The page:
Information: Measuring the Missing, Using the Observed, and Approximating the Complete

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Information: Measuring the Missing, Using the Observed, and Approximating the Complete

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Title: Information: Measuring the Missing, Using the Observed, and Approximating the Complete
Author: Jones, David Edward ORCID  0000-0002-8152-6818
Citation: Jones, David Edward. 2016. Information: Measuring the Missing, Using the Observed, and Approximating the Complete. Doctoral dissertation, Harvard University, Graduate School of Arts & Sciences.
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Abstract: In this thesis, we present three topics broadly connected to the concept and use of statistical information, and specifically regarding the problems of hypothesis testing and model selection, astronomical image analysis, and Monte Carlo integration.

The first chapter is inspired by the work of DeGroot (1962) and Nicolae et al. (2008) and is the most directly focused on the theme of statistical information. DeGroot (1962) developed a general framework for constructing Bayesian measures of the expected information that an experiment will provide for estimation. We propose an analogous framework for measures of information for hypothesis testing, and illustrate how these measures can be applied in experimental design. In contrast to estimation information measures that are typically used in experimental design for surface estimation, test information measures are more useful in experimental design for hypothesis testing and model selection. Indeed, one test information measure suggested by our framework is probability based, and in design contexts where decision problem are of interest, it has more appealing properties than variance based measures. The underlying intuition of our design proposals is straightforward: to distinguish between two or more models we should collect data from regions of the covariate space for which the models differ most. Nicolae et al. (2008) give an asymptotic equivalence between their test information measures and Fisher information. We extend this result to all test information measures under our framework, and hence further our understanding of the links between test and estimation information measures.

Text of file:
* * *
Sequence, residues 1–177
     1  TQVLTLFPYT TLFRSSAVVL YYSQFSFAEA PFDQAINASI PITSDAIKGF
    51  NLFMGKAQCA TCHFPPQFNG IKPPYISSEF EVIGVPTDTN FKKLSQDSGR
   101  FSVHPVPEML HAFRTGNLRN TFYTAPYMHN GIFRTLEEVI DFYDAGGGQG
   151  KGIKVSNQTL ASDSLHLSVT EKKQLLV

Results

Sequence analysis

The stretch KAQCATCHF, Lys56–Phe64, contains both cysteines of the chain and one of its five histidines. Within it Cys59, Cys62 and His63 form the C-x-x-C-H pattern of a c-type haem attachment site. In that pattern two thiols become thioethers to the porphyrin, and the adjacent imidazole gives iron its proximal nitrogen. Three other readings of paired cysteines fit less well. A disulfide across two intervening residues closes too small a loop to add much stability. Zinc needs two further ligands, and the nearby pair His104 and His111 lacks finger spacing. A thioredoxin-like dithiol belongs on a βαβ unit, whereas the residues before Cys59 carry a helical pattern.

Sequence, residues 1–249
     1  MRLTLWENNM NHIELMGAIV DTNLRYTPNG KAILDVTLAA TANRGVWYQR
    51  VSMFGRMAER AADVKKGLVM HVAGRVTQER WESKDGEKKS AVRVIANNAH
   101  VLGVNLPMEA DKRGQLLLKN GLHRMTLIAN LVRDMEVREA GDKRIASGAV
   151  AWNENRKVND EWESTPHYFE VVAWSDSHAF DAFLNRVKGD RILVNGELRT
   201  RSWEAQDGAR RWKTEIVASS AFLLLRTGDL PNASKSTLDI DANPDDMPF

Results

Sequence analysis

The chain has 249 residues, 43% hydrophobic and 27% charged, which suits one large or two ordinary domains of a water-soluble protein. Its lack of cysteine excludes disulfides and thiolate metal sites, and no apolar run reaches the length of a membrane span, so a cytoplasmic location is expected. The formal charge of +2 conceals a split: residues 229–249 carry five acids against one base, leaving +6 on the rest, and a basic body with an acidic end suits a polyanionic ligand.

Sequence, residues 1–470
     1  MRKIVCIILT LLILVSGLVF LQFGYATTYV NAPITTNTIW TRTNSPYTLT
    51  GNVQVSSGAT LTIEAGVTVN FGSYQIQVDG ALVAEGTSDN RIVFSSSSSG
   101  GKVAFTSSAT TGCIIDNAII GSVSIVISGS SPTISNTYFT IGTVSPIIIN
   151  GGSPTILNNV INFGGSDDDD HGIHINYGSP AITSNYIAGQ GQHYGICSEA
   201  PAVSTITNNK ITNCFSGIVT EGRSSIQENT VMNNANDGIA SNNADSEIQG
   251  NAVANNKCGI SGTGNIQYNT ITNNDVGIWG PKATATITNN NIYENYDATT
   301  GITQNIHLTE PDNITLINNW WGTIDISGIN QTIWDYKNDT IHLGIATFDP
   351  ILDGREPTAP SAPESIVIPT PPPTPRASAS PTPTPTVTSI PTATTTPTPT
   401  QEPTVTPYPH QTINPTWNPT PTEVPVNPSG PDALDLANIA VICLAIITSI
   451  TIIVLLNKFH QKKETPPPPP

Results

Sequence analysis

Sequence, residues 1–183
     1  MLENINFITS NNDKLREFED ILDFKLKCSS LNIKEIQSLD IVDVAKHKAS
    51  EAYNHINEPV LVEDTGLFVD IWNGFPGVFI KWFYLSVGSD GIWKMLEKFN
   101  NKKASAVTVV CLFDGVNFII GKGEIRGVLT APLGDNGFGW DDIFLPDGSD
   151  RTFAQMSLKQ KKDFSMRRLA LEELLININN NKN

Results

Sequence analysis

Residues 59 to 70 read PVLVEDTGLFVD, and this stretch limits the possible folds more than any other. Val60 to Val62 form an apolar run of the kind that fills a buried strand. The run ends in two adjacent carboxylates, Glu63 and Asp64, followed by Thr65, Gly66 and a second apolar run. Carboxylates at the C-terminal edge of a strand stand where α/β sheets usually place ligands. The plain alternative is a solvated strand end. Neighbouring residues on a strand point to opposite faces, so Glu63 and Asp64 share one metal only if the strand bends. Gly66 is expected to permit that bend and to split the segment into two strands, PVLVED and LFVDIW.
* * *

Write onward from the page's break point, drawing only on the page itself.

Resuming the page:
In the second chapter, we present a powerful new algorithm that combines both spatial and spectral (energy) information to separate photons from overlapping sources (e.g., stars) in an astronomical image. We use Bayesian statistical methods to simultaneously infer the number of overlapping sources, to probabilistically separate the photons among the sources, and to fit the parameters describing the individual sources. Using the Bayesian joint posterior distribution, we are able to coherently quantify the uncertainties associated with all these parameters. The advantages of combining spatial and spectral information are demonstrated through a simulation study. The utility of the approach is then illustrated by analysis of observations of the sources FK Aqr and FL Aqr with the XMM-Newton Observatory and the central region of the Orion Nebula Cluster with the Chandra X-ray Observatory. In this chapter we make additional effort to explain relevant standard statistical ideas and methods in order to make the exposition more accessible to astronomers unfamiliar with statistics.

The last chapter extends the maximum likelihood theory developed by Kong et al. (2003) for deriving Monte Carlo estimators of normalizing constants. Kong et al. (2003) had the fundamental idea of treating the baseline measure as an unknown quantity to be estimated, and found that this suggested a maximum likelihood method for estimating integrals of interest. Their work shows that sub-models of the baseline measure can be used to incorporate some of our knowledge of the true measure, thus allowing greater statistical precision to be gained at the expense of more function evaluations, but without the need for more Monte Carlo samples. Our contribution is to introduce a simple extension of this framework which greatly increases its flexibility for trading off statistical and computational efficiency. As a result, we gain an appealing maximum likelihood interpretation of the very effective warp transformations proposed by Meng and Schilling (2002). We additionally investigate the open problem of optimally choosing parameters for sub-models of the baseline measure.
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